Letter Re: Advice on Fuel Drums and Fuel Transfer Pumps?

Do you have any idea where I can get a 50 gallon fuel drum with a manual pump like the one that your previous writer discussed? – SF in Hawaii

JWR Replies: You should first consult your local fire code, for capacity limits. This is generally not a problem outside of city limits, but laws vary widely. Needless to say, you should store any fuel cans or drums in a detached storage shed that is away from your house, not in an attached garage!

In North America, the fuel drums that the reader mentioned are usually made in 55 gallon capacity. Your local fuel distributor should have new ones, or you can scrounge used clean ones locally if you post a query on Craig’s List. The fuel-rated pumps are often D-handle design, like these. Again, used ones are less expensive.

Or, of course you could also use a 12 VDC electric fuel transfer pump, like the ones that I make. (OBTW, every family should keep one of these pumps handy.)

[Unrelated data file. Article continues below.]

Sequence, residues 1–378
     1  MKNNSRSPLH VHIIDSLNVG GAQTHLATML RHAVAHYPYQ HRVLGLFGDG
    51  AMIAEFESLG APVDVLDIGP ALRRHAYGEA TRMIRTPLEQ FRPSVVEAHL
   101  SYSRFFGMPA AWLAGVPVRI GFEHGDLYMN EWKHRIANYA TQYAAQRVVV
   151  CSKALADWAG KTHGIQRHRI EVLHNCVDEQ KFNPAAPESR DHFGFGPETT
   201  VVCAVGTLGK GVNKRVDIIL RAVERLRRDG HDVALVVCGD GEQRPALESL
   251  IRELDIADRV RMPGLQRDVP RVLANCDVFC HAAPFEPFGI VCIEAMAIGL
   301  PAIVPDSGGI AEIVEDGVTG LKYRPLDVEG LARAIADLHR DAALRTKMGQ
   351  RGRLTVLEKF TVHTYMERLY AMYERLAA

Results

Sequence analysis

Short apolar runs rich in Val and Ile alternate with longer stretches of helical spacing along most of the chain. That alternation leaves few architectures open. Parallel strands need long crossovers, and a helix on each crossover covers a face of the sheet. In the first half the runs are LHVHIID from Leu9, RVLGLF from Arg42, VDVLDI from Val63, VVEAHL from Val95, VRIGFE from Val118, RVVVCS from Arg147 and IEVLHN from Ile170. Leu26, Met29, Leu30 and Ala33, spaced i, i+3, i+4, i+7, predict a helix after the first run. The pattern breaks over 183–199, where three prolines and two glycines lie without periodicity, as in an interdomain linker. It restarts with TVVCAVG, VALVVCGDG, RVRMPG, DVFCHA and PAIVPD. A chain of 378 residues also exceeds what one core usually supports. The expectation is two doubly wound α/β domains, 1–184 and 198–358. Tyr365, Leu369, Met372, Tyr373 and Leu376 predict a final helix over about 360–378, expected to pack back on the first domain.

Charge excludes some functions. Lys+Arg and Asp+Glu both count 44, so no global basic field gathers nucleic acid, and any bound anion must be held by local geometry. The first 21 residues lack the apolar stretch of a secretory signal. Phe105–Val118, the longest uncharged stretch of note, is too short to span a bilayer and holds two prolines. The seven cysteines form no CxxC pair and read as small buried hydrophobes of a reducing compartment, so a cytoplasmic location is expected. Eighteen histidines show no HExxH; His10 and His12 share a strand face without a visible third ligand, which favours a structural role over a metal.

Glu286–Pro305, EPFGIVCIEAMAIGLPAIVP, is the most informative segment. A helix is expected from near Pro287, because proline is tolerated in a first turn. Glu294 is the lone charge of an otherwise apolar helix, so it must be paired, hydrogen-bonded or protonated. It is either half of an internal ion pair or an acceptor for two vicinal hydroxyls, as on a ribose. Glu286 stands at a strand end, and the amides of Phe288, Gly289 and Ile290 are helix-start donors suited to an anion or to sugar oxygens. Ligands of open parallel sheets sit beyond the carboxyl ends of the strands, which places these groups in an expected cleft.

Unless you are certain that you will be using the fuel within a few weeks, be sure to se stabilizer, such as Pri-G.

It is best to buy winter-formulated gas, and rotate it annually. (Also in winter.) This is because winter gas has extra butane added, o aid cold weather starting. This formulation extends the storage life of gasoline.

Drums that are 20 gallons or smaller can be moved with a standard dolly and lifted off a pickup tailgate by two men. But moving anything larger requires special handling equipment, and is a back ache waiting to happen. Filling (or re-filling) a large drum that is kept at home can best be accomplished discreetly by using your vehicle’s fuel tank and a 12 VDC fuel transfer pump. Just make several trips over the period of a week, and it won’t be noticeable.

Buy the materials for camouflaging your fuel drum(s) in advance. I generally recommend scrounging an appliance box (such as a small refrigerator box) so that the drum won’t be noticed by visiting workmen or meter readers. Or you could build a false wall at the end of a long shed. One other alternative is to use a “hide in plain sight” (HIPS) approach. This might be to re-paint the drum white, with herbicide markings. This won’t look too out of place for drum up to 30 gallon capacity stored in the corner of a gardening shed. You can also leave a full two-gallon lawnmower gas can in the same shed, as “bait” for burglars, to distract their attention. Re-painting a fuel drum is a fun and creative family stencil cutting and painting project.